Aah, Wednesday.  Here I am daydreaming of white sand beaches and endless amounts of refreshing cocktails while trying to budget the cost to get my entire family on a Mediterranean Cruise for the holidays all whilst robotically folding the stacks on stacks of laundry that have accumulated in only less than 48hours.  Most of which were large, bulky items like bedsheets, blankets and comforters.  The culprit for the influx of soiled bedding is less than 40 inches, eats like a teenage boy and is too ridiculously cute to reprimand.

If you haven’t guessed it by now, my son (who just turned 4) had a couple of not-so-good nights by wetting the bed.  It’s been a good few weeks since he’s had an accident at night and I made sure he wasn’t drinking so much before bed so I’m assuming that there’s certainly more to it than meets the eye.

Typically Nighttime wetting occurs when:

  1. The brain and bladder don’t send the signals needed to wake up the go pee
  2. The bladder is not mature enough to hold urine overnight
  3. The bladder overproduces urine in the evening or during sleep

Over time, as the bladder grows, the muscles strengthen and neurological connections develop, nighttime wetting most often resolves on its own.

Thankfully my son has bypassed that stage where we would have issues with him wetting the bed every night as he went through his potty-training stage but there are still a few nights that he does have the occasional accident.  Was this normal? I wondered.

I received a few great tips from Michele Kambolis, Child and Family Therapist courtesy of GoodNites with answers to a few FAQ’s us mothers had.  

How common is nighttime wetting?

Nighttime wetting is more common thank you think! In fact:

  • Up to 15% of 5 year olds and 8% of 8 year olds experience nighttime wetting
  • Nighttime wetting occurs more often in boys than girls (This I can attest to having a girl and boy as I noticed this huge difference!)
  • Theres a 77% chance that a child will wet the bed if both parents did as a child (another thing that is true for us as my husband has this issue as a little boy)
  • While children generally achieve sone level of nighttime dryness by about four years of age, accidents happen even into puberty 

Phew.  I’m not going to lie and tell you I wasn’t a tad concerned at times.  So when should parents being to worry about their child’s nighttime wetting?

While there are some medical conditions that can contribute to nighttime wetting, most children who wet the bed do not have any sort of medical problem.  If a child’s nighttime wetting occurs past age 7, consult with your family doctor to ensure there are no medical-related factors.

From my personal experience, minimizing the amount of liquids my son had before bed, ensuring his bedtime routine included using the toilet prior to getting into bed and reminding him that he’s a big boy and not to hesitate going to the toilet at night helped a lot.  I also kept a night light on in the hallway leading up to the bathroom from his room so he wasn’t afraid to walk over there on his own.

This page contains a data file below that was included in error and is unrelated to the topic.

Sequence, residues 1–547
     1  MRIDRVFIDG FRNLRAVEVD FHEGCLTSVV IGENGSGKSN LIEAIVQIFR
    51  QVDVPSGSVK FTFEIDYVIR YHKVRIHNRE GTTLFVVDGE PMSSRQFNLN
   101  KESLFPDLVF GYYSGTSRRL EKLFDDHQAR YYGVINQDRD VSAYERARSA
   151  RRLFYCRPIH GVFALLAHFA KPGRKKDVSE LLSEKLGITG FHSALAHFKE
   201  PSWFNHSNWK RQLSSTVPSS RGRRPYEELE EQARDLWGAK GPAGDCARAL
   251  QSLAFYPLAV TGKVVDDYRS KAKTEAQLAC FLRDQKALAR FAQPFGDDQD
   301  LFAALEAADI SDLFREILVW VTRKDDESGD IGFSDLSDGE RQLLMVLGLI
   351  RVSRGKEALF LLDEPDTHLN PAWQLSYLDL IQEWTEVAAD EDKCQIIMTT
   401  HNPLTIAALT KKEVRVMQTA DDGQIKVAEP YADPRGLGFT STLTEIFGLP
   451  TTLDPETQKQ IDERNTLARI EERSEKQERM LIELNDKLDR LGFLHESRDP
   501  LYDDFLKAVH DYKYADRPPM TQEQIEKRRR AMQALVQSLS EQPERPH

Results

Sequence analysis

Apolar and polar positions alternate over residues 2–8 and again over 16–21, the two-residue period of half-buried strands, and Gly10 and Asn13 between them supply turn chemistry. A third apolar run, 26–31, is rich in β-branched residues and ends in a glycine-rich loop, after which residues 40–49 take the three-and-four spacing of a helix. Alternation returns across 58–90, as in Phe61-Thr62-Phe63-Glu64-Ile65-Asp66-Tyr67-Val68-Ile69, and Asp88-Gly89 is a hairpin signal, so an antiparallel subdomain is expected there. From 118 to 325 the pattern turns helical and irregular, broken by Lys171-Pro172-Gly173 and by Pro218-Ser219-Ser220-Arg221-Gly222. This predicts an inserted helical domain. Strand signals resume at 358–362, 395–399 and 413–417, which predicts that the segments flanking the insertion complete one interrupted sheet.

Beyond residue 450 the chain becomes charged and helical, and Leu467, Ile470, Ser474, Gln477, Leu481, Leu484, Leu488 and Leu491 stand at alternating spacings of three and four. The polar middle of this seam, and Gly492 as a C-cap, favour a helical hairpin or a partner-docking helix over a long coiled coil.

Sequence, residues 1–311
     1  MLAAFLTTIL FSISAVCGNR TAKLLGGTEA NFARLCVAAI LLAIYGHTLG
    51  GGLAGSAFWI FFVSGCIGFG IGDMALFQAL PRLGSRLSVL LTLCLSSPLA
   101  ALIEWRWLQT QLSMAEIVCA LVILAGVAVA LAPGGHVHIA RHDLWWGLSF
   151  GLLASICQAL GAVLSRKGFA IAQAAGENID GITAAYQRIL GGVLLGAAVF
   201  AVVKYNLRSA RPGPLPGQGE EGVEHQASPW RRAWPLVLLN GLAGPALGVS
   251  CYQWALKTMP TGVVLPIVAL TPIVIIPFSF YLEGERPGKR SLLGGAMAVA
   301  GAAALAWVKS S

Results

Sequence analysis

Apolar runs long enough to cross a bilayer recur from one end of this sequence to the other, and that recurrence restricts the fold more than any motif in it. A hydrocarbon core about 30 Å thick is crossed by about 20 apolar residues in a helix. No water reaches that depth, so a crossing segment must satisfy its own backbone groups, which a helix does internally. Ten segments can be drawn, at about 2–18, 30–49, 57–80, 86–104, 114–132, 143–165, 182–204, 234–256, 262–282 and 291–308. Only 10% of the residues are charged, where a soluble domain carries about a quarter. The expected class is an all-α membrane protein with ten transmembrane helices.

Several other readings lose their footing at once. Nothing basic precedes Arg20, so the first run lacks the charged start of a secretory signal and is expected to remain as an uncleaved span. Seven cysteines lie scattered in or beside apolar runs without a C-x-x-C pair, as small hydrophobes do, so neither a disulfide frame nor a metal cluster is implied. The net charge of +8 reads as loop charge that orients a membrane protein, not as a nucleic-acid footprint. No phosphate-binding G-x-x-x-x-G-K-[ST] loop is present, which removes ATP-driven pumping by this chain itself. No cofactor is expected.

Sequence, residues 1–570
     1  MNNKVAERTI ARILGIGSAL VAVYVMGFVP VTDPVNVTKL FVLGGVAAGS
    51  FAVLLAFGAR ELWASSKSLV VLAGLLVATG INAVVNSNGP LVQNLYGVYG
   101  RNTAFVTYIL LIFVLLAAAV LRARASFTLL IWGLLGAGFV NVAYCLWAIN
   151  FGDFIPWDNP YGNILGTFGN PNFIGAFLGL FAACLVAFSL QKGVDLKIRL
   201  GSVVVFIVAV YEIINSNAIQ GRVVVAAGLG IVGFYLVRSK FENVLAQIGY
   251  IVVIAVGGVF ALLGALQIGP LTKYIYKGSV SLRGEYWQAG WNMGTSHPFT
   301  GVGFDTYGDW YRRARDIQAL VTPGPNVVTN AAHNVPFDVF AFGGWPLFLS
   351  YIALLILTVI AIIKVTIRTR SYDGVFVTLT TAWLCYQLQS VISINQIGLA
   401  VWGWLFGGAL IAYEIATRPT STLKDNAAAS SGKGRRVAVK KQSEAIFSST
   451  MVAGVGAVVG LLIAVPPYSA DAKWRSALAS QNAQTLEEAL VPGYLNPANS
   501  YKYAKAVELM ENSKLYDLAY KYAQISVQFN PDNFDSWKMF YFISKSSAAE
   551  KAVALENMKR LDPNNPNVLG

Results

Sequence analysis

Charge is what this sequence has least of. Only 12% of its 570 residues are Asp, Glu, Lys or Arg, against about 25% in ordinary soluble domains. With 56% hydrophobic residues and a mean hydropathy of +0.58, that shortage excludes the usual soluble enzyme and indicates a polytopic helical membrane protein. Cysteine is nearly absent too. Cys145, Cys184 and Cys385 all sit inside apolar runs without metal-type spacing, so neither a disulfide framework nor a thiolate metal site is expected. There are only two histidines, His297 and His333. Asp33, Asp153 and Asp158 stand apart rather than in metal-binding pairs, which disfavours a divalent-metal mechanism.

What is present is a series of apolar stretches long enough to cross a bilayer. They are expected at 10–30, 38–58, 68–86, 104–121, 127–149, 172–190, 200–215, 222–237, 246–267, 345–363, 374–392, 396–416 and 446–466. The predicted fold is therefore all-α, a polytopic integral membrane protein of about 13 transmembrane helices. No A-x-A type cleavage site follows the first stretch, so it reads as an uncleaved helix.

What tools can help children cope with nighttime wetting?

The best thing you can do for your child is to create a plan for success:

  1. Be Supportive: Find ways to talk about nighttime wetting to eliminate the ‘secrecy’
  2. Fluid Monitoring: Help children focus on hydrating in the day and quenching thirst at night
  3. Routine Development: Encourage regular bathroom visits to minimize holding urine
  4. Maximize Comfort Overnight: Use absorbent products designed to help children sleep easy and stay dry, such as GoodNites® TRU-FIT Underwear, GoodNites® Bed Mats or GoodNites® Bedtime Pants.  
GoodNites® Bed Mats (SRV $13.99)

Sadly I didn’t have any GoodNites® products handy the past 48 hours but I know better now! I will certainly be stocking up (just in case!) and hopefully can daydream about a beach-side vacay with a cup of warm coffee on the patio instead of inside the laundry room, right?


For more nighttime wetting answers, information and advice to help you rest easy tonight, visit http://www.goodnites.com. And don’t forget to check your local retailer for in-store deals.

Do you or did you have any children that had some nighttime wetting?  What are your tips to help rest easy? I’d love to hear them!



20 Comments on Nighttime Wetting Tips & Advice From An Expert #RestEasyTonight

  1. I had to wake my son up every single night for months until finally one day he woke up on his own. Even now that we didn’t have any issues for more than a year, he doesn’t sleep a single night through without going to the bathroom. And though we don’t use them anymore I still have some leftover Goodnight mats somewhere in the house 🙂

  2. Great tips! Those Bed Mats are handy to have around for other reasons too – when the flu bug hits and I have been using them for puppy training since they cover a larger area than regular dog training pads.

  3. Very rarely did my children wet the bed.2 girls and boy.i let them have drinks begore bed and woke them up once in the night to go pee for a few weeks.most times they were still half asleep and i was holding them on the potty or toilet as they were tired.all 3 were night trained in that few short weeks.yes they were fine in the morning,meaning rested.both my brothers wet the bed til they were 12 and 13.i remember my mom taking them to drs. For their bed wetting

  4. I know it doesn’t sound like the best idea but I taped a large piece of plastic to my mattress just in case the pee leaks through and it has worked perfectly.

  5. we love our goodnites! my daughter has the bed mats and the underwear with pad inserts. They have worked so well with our transition out of diapers

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